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I've recently begun OpenGL ES 2 and I'm trying to implement a snowfall (on Android), but I'm not sure what's the best approach. I would like to develop it myself rather than use a library. It really helps a lot in understanding OpenGL.

What I'm doing at the moment is: I have an array of, say, 1000 particles, each with its own lifetime (=number of frames it will live). It works fine if a particle "dies" and starts all over when it already left the screen, but if it is still on the screen and it has to die, the user will notice that the particle suddenly disappeared. The problem is very noticeable if this happens very often. I need a way to kill a particle only when it left the screen.

Is there a way to improve my approach or maybe I should change it completely?

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Not OpenGL ES 2 specific, but here's some general ideas to think about:

Sounds like you want to use your camera's view frustum and the position of the particle (plane <-> point distance check) to see if the particle is within the bounds of what the camera can see. Here's a paper that describes how to extract these planes. The idea of how it works may not click the first time, but you'll get the hang of it.

As usual, understanding the graphics pipeline goes a looong way to understanding how to do seemingly difficult things easily.

Consider fading the particles out as well, because you rarely want your particles to abruptly vanish from the air.

Finally, you can use a screen-space animation effect that produces good results. It also means that you don't need to create particles, as it's just pre-made animation. Here's a video example of it.

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  • \$\begingroup\$ Thanks for your advice, Jovan. Your final suggestion caught my attention in particular. What's this technique's name? I need to look more into it. \$\endgroup\$ – async Sep 26 '13 at 21:45
  • \$\begingroup\$ I'm not aware of any particular name - it's possibly not complicated enough to deserve a technique name :). What you do is just apply a texture to a full-screen rectangle (in NDC space this is your (-1, -1) to (1, 1) range). This texture is a frame of animation. You could use a program like Adobe After Effects to generate the snow storm, and output PNG/GIF frames. Apply evenly using a fixed timestep. \$\endgroup\$ – Jovan Sep 26 '13 at 22:27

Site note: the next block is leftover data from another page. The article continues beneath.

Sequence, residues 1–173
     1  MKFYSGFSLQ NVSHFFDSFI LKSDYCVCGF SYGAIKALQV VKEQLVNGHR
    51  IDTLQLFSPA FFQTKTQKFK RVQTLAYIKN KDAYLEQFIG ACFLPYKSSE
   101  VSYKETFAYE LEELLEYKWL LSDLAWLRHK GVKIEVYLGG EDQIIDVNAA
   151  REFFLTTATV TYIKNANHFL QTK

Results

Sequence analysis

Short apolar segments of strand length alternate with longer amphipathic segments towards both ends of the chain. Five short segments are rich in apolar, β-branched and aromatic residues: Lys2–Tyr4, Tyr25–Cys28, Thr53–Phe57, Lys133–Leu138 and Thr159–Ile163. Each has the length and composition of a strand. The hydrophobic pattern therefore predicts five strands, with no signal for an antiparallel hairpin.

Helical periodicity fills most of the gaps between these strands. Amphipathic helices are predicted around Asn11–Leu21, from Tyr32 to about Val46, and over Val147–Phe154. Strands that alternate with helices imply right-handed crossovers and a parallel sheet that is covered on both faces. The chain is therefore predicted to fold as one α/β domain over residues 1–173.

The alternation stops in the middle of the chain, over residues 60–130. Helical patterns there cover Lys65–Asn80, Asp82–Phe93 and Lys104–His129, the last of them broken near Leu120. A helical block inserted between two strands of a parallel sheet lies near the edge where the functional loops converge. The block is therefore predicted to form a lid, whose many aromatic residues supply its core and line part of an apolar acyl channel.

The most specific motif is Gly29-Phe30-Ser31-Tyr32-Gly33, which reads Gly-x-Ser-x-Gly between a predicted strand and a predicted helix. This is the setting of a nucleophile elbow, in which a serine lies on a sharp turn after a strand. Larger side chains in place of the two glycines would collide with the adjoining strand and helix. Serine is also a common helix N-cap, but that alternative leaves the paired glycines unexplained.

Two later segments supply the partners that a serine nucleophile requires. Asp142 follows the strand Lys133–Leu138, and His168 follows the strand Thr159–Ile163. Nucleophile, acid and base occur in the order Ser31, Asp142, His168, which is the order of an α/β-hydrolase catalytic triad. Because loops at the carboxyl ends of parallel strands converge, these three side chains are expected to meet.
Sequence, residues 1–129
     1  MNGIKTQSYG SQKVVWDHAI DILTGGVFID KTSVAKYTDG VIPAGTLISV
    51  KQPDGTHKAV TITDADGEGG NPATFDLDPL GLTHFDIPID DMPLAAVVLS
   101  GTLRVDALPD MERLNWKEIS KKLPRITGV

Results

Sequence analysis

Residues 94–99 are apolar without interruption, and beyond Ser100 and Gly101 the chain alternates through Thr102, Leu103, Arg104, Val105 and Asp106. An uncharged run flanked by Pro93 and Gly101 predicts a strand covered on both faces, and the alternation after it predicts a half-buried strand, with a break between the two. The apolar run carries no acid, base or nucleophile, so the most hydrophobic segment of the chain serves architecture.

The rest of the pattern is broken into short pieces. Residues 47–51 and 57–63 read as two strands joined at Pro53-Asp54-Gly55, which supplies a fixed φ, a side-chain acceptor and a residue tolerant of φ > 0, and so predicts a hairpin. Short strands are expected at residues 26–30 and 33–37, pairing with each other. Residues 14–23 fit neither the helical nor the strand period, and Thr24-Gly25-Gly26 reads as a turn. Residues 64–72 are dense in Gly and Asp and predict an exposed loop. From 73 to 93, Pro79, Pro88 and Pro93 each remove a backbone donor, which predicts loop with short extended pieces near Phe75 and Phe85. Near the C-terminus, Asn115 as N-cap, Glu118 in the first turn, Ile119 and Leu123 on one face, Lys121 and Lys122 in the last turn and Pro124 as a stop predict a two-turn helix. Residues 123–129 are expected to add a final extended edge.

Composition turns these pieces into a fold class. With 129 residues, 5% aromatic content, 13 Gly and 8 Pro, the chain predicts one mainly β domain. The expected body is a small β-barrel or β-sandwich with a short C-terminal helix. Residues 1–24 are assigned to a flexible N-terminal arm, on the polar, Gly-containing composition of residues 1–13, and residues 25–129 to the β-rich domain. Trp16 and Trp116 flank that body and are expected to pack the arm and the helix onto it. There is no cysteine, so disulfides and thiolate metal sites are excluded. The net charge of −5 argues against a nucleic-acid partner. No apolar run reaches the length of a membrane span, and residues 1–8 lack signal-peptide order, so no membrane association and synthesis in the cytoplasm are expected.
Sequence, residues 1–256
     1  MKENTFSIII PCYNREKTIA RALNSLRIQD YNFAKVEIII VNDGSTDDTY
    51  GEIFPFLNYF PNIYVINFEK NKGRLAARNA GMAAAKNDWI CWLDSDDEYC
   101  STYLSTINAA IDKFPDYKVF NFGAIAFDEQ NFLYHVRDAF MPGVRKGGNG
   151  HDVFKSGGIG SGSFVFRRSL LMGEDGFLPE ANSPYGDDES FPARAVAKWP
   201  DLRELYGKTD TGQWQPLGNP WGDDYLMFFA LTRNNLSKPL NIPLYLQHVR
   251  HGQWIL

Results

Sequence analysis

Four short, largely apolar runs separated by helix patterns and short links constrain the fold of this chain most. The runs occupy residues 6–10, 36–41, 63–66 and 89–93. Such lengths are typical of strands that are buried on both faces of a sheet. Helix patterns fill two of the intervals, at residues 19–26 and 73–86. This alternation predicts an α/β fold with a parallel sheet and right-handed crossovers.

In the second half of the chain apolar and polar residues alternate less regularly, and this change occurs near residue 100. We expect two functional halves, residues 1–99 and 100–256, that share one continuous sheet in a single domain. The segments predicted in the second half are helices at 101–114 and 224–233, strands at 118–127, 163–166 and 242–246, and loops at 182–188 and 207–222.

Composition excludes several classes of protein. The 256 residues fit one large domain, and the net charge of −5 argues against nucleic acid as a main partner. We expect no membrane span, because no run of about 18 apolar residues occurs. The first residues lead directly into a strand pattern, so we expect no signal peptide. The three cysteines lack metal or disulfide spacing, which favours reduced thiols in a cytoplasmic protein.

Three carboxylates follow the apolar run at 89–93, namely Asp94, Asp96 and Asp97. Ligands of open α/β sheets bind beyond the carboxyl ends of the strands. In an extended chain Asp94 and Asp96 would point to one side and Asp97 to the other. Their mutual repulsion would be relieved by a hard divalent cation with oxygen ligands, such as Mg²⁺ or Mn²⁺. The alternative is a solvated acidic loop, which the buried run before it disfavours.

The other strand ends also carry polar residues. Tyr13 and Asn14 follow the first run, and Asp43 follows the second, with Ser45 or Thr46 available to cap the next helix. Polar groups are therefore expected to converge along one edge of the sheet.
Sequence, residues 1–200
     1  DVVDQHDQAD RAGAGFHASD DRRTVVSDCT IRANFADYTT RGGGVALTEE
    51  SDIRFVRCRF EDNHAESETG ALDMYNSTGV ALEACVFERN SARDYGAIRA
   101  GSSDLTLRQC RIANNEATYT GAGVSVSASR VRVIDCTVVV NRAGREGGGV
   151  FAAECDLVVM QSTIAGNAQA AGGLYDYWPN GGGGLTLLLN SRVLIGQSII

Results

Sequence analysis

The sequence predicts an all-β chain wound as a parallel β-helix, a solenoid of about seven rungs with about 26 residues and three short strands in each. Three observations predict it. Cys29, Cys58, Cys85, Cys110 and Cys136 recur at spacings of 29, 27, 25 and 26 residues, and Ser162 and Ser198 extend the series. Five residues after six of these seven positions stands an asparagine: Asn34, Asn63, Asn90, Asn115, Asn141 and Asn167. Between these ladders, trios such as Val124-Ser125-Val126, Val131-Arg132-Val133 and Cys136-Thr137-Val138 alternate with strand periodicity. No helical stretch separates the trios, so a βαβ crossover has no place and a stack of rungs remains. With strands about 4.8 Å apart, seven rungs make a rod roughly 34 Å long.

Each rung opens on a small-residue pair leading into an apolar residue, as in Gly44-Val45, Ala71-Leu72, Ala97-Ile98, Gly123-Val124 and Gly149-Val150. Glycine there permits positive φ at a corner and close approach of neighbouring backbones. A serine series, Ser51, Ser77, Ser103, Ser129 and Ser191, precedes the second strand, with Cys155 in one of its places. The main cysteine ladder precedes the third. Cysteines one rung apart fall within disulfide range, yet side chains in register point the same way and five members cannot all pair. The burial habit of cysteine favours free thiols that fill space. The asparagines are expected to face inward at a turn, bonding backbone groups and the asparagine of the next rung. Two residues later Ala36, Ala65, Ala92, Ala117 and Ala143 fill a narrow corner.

• \$\begingroup\$ Another small thing that you might benefit from using is the "fog texture". Take a look at the video again (I've updated it with a better quality one). Note the subtle white gradient at the top of the screen that fades out as it goes down. \$\endgroup\$ – Jovan Sep 26 '13 at 22:31
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You can use the screen size and check the Y position of the particles. When the particle's Y position becomes less than a 0.1 (float) for example, in the update method of your particle engine remove it from the array.

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  • \$\begingroup\$ Why would I remove it from the array? I want to keep the particle and draw it back at the top! (after I accidentally hit Enter:) I thought about this approach. The only implementation I can think of was this: 1. create particles 2. update their position 3. if position is outside screen, reset to original position 4. pass the particle coordinates to the vertex shader Shouldn't I, however, try to move the computations above in the vertex shader rather than just pass the computed positions? /performance paranoia I can't think of any solution that relies more on the vertex shader. \$\endgroup\$ – async Sep 26 '13 at 21:38
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To avoid sudden change when particle has to die, you can make an effect that the particle is starting to extinguish when it's for example 90% of it's lifetime passed. You can start making him smaller and smaller until it reduce to very small size (then you can shut him down immediately and the user won't notice it) or increase alpha transparency until it reaches 100%. Then it will disappear smoothly and without sudden changes.

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